You know, I could talk quite a bit about this disk ... it's that good. Its seems so eerily quiet now that the disk has ended ... time for a replay, I think.

"Guardian Angel" is the optimistic counterpart to Magellan's "Walk Fast, Look Worried" (Test Of Wills) ... though this was co-penned with Shadow Gallery's Gary Wehrkamp and Cadden-James. Where "Walk Fast" was edgy and cynical, "Guardian" is light ... open and airy ... dare I say, angelic? The comparison is that this is (or can be) directed at a child. Or, in the case here, a spouse, too, though that really seems left to the next track called "Sacrifice." "Sacrifice" is LaBrie's "Faithfully" (Journey's Frontiers) in essence, and while it doesn't sonically resemble that song, it shares a similar spirit.

"As A Man Thinks" will not only make you think of Magellan (co-penned with Gardner as it is), but also Queen ... that dynamic between rock and classical, harking back to A Night At The Opera, and I also couldn't help but think a bit of Rush's Roll The Bones - specifically the techno-rap section. Not very effective there, works here, given the overall arrangement. Okay, there are hints of modern Yes here, too ... the Rabin era. Oh, and then there's this percussive instrumental section ... xylophones and drums is the sound, but I suspect, digital xylo and either digital or real drums ... that made me think of Tangerine Dream, believe it or not. This closes out the album so gently, and yet you realize (as I did above) that the disk is over...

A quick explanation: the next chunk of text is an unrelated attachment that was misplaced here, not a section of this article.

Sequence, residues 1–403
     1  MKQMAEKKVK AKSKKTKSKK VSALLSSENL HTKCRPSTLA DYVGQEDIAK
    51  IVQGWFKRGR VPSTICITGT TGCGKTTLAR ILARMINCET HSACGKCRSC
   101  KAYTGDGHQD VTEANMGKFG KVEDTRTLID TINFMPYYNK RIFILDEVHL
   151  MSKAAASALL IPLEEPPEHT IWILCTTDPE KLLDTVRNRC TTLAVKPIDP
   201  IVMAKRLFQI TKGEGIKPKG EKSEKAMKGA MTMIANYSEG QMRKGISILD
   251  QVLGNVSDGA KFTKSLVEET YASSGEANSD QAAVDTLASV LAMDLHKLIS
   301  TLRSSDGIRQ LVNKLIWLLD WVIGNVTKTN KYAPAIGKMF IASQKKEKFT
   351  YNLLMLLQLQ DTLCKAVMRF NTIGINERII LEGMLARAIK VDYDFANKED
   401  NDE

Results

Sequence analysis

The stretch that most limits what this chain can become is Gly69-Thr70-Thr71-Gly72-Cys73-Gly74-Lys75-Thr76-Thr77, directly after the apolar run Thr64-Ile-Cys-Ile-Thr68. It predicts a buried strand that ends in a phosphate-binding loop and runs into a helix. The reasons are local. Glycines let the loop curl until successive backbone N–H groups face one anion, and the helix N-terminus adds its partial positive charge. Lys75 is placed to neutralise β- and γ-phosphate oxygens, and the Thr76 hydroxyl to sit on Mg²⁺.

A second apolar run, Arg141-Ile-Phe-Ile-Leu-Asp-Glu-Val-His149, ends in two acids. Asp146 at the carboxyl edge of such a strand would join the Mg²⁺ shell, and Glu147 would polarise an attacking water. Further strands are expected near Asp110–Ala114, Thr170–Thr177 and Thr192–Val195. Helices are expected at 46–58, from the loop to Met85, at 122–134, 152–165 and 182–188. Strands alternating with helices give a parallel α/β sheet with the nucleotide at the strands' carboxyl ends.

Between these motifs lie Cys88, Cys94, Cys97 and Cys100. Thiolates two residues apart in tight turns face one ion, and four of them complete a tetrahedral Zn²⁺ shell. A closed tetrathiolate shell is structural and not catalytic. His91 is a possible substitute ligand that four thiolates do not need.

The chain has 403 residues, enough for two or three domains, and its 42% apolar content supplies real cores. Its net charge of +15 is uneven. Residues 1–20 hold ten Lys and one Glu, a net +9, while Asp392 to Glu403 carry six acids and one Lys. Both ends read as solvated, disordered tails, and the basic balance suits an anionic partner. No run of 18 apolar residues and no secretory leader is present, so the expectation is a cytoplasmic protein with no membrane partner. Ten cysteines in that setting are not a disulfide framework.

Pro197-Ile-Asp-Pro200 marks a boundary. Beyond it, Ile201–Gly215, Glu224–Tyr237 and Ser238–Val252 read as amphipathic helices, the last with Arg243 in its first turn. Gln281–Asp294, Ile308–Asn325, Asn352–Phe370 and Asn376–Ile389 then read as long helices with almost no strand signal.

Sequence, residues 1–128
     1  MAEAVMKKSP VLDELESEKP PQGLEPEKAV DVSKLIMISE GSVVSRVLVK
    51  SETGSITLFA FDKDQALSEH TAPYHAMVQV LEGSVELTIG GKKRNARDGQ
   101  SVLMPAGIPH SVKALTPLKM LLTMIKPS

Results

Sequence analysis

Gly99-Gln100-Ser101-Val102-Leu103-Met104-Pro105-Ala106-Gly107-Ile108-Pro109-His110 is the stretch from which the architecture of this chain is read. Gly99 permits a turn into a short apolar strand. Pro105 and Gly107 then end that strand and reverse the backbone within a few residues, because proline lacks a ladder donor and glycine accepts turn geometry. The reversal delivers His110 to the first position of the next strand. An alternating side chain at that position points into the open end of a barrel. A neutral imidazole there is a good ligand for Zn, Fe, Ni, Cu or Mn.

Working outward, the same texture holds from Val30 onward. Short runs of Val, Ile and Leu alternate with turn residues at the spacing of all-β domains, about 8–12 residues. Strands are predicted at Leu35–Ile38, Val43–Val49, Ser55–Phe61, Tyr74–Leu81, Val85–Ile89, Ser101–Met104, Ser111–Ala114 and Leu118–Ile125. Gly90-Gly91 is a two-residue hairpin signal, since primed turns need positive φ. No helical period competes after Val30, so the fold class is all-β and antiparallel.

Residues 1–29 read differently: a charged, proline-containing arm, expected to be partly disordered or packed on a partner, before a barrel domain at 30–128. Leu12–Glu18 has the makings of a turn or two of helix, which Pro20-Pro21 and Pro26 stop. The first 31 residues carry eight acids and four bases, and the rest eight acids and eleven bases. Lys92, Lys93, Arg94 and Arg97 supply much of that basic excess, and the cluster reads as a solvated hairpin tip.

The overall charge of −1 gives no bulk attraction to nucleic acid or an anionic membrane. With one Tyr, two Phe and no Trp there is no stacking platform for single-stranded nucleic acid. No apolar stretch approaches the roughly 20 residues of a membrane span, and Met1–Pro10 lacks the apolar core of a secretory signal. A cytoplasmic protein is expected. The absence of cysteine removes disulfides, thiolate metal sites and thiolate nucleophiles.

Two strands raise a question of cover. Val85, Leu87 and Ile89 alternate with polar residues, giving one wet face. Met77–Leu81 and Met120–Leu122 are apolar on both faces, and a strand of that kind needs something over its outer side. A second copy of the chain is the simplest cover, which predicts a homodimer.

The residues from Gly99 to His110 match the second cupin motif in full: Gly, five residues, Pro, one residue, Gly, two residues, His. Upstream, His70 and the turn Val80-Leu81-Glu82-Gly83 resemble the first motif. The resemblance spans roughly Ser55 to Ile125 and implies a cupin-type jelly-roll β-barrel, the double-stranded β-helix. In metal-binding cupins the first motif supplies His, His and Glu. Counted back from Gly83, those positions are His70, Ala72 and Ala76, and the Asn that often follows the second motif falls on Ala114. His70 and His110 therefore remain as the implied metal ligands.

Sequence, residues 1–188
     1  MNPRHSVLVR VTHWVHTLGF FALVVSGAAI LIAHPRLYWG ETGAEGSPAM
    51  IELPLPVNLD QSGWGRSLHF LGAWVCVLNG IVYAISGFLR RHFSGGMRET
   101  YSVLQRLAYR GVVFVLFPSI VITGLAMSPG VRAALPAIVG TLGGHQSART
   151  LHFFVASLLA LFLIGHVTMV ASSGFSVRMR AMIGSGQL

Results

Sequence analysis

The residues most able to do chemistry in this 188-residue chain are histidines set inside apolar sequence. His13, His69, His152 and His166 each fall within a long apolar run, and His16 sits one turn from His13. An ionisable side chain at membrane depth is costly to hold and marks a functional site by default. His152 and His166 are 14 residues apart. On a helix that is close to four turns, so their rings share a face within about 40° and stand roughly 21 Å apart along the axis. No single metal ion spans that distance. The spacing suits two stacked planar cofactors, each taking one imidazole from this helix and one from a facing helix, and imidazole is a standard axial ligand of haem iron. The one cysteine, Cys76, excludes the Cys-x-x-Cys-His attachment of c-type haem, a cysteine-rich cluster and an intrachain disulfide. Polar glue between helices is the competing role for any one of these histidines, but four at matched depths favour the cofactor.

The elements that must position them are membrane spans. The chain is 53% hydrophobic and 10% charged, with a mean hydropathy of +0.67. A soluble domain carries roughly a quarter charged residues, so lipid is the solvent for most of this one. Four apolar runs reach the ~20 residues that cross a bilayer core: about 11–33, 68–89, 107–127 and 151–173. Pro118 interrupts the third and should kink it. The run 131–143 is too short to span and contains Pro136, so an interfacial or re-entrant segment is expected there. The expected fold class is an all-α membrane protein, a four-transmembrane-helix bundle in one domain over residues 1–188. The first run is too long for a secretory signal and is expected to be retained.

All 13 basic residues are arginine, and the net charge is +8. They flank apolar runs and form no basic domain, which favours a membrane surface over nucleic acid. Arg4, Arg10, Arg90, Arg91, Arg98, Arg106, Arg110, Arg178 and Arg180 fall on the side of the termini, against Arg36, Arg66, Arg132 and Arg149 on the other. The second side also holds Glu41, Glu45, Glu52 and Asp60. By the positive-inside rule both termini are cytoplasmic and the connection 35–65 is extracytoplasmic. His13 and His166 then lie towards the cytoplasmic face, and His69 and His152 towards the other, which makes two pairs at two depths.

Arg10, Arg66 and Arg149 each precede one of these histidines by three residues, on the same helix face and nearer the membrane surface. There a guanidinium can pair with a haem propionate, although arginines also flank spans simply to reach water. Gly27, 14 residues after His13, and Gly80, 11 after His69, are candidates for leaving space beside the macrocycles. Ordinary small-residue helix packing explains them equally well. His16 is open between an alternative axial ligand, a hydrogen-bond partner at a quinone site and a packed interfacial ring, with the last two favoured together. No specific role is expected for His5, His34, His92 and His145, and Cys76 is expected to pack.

About the moniker, LaBrie says that in thinking about the album, he needed a term to describe it and its contents. "So I put two words together, 'mull' which means to ponder thought, [and] 'muzzle', which means to gag. So 'mullmuzzler' means to gag or silence an individual's thought before it can be expressed in any manner."*

I didn't talk too much about the rest of the band, really. I don't want to short change them at all, because they are all excellent musicians. There is a vitality here that was missing from ... well, I said that already, didn't I. I hope that LaBrie comes away from this with a renewed energy for Dream Theater ... but if not, long let Mullmuzzler exist.

So, I heartily recommend and it's in the running for my best of 1999.

[*All quotes taken from Mullmuzzler bio, © Magna Carta; photo credit: © 1999 Magna Carta, courtesy Ann Leighton Publicity]

His Voice (3:43) / Statued (3:23) / The Shores Of Avalon (7:51) / Beelzebubba (5:20) / Guardian Angel (7:27) / Sacrifice (5:14) / Lace (4:14) / Slow Burn (6:20) / As A Man Thinks (8:11)

James LaBrie - lead and background vocals
Mike Keneally - guitars
Mike Magnini - drums
Matt Guillory - keyboards and piano
Bryan Beller - bass
Trent Gardner - keyboards, trombone, and programming (and spoken words) (#3, #9)
Greg Critchley - drums (#9)
Mark Shannon - bass and fretless bass (#9)
Dave Townsend - guitar 'sweeps' (#2)
Michael Stewart - trumpet, alto sax - (#3)
Wayne Gardner - horn transcription (#3)

Mullmuzzler (1999)
James LaBrie's Mullmuzzler 2 (2001)
Elements Of Persuasion (2005)
Prime Cuts (2008)
Static Impulse (2010)
Impermanent Resonance (2013)

Genre: Progressive-Power Metal

Origin US

Added: August 10th 1999
Reviewer: Stephanie Sollow
Artist website:
Hits: 968
Language: english


[ Back to Reviews Index | Post Comment ]